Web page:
Trade card for W H Halse, 'professor of medical galvanism', c 1840s.
© Science Museum / Science & Society Picture Library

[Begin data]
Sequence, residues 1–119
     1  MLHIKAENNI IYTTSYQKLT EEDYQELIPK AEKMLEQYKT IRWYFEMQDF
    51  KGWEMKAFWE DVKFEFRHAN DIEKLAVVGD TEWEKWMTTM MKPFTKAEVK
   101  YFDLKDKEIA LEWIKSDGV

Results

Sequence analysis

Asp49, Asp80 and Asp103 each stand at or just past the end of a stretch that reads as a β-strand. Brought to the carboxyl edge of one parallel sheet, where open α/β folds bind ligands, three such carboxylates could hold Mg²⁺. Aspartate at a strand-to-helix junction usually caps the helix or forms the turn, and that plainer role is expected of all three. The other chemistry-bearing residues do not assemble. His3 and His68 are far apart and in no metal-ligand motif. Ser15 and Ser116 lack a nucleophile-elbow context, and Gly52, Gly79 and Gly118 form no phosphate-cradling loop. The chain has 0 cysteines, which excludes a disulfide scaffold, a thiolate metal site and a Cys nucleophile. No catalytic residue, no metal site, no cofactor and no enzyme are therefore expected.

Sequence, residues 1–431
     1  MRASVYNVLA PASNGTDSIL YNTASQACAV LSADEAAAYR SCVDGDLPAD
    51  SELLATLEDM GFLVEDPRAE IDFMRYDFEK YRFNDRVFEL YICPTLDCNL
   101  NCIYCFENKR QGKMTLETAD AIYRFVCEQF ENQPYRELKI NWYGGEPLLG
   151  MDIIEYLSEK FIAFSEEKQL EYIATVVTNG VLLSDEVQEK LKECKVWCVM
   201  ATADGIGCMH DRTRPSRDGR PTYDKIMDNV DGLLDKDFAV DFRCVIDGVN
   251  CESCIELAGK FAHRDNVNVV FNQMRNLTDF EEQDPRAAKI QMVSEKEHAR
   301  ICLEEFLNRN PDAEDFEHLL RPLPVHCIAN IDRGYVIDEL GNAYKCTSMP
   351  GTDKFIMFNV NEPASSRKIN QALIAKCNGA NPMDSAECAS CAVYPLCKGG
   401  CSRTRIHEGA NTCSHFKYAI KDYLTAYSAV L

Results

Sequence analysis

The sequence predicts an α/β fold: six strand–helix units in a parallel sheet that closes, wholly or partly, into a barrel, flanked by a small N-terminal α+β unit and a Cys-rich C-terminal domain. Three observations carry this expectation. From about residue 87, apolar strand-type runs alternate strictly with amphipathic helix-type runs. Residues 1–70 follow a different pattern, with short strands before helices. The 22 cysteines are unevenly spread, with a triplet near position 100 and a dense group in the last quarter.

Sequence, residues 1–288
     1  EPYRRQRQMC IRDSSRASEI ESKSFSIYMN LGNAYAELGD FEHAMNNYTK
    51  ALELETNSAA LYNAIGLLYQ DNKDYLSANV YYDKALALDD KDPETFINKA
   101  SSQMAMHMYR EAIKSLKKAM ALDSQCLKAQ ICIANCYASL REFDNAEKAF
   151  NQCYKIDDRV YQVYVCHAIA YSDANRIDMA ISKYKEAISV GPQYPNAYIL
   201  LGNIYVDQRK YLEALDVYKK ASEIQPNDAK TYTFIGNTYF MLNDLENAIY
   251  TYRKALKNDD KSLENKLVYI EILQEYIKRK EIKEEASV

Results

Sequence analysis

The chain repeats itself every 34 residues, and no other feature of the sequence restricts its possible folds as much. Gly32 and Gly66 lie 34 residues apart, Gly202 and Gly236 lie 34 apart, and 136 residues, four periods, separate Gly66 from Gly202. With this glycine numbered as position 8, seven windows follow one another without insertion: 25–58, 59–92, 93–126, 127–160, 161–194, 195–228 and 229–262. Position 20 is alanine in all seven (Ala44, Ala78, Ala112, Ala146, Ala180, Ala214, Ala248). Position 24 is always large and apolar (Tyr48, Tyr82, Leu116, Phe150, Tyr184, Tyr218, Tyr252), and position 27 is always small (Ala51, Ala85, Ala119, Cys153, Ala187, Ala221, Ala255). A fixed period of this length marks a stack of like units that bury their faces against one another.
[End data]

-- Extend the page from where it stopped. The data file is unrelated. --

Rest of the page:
'Halse's portable galvanic apparatus' was an early electrical device using a direct current for medical use to give patients electrical treatment. The dial decorated with the Prince of Wales' feathers shows the voltage scale of very weak to very strong with the numbers one to 20. Luigi Galvani (1737-1798) discovered 'animal electricity' in the late 18th century and demonstrated that nerves and muscles in animals function by tiny electrical currents, which can be stimulated by the application of electricity from outside. Electrical treatments were soon in great demand, and were believed to be able to cure all manner of complaints, from gout to paralysis. The term 'galvanise' - to shock or excite into action - takes its name from Galvani.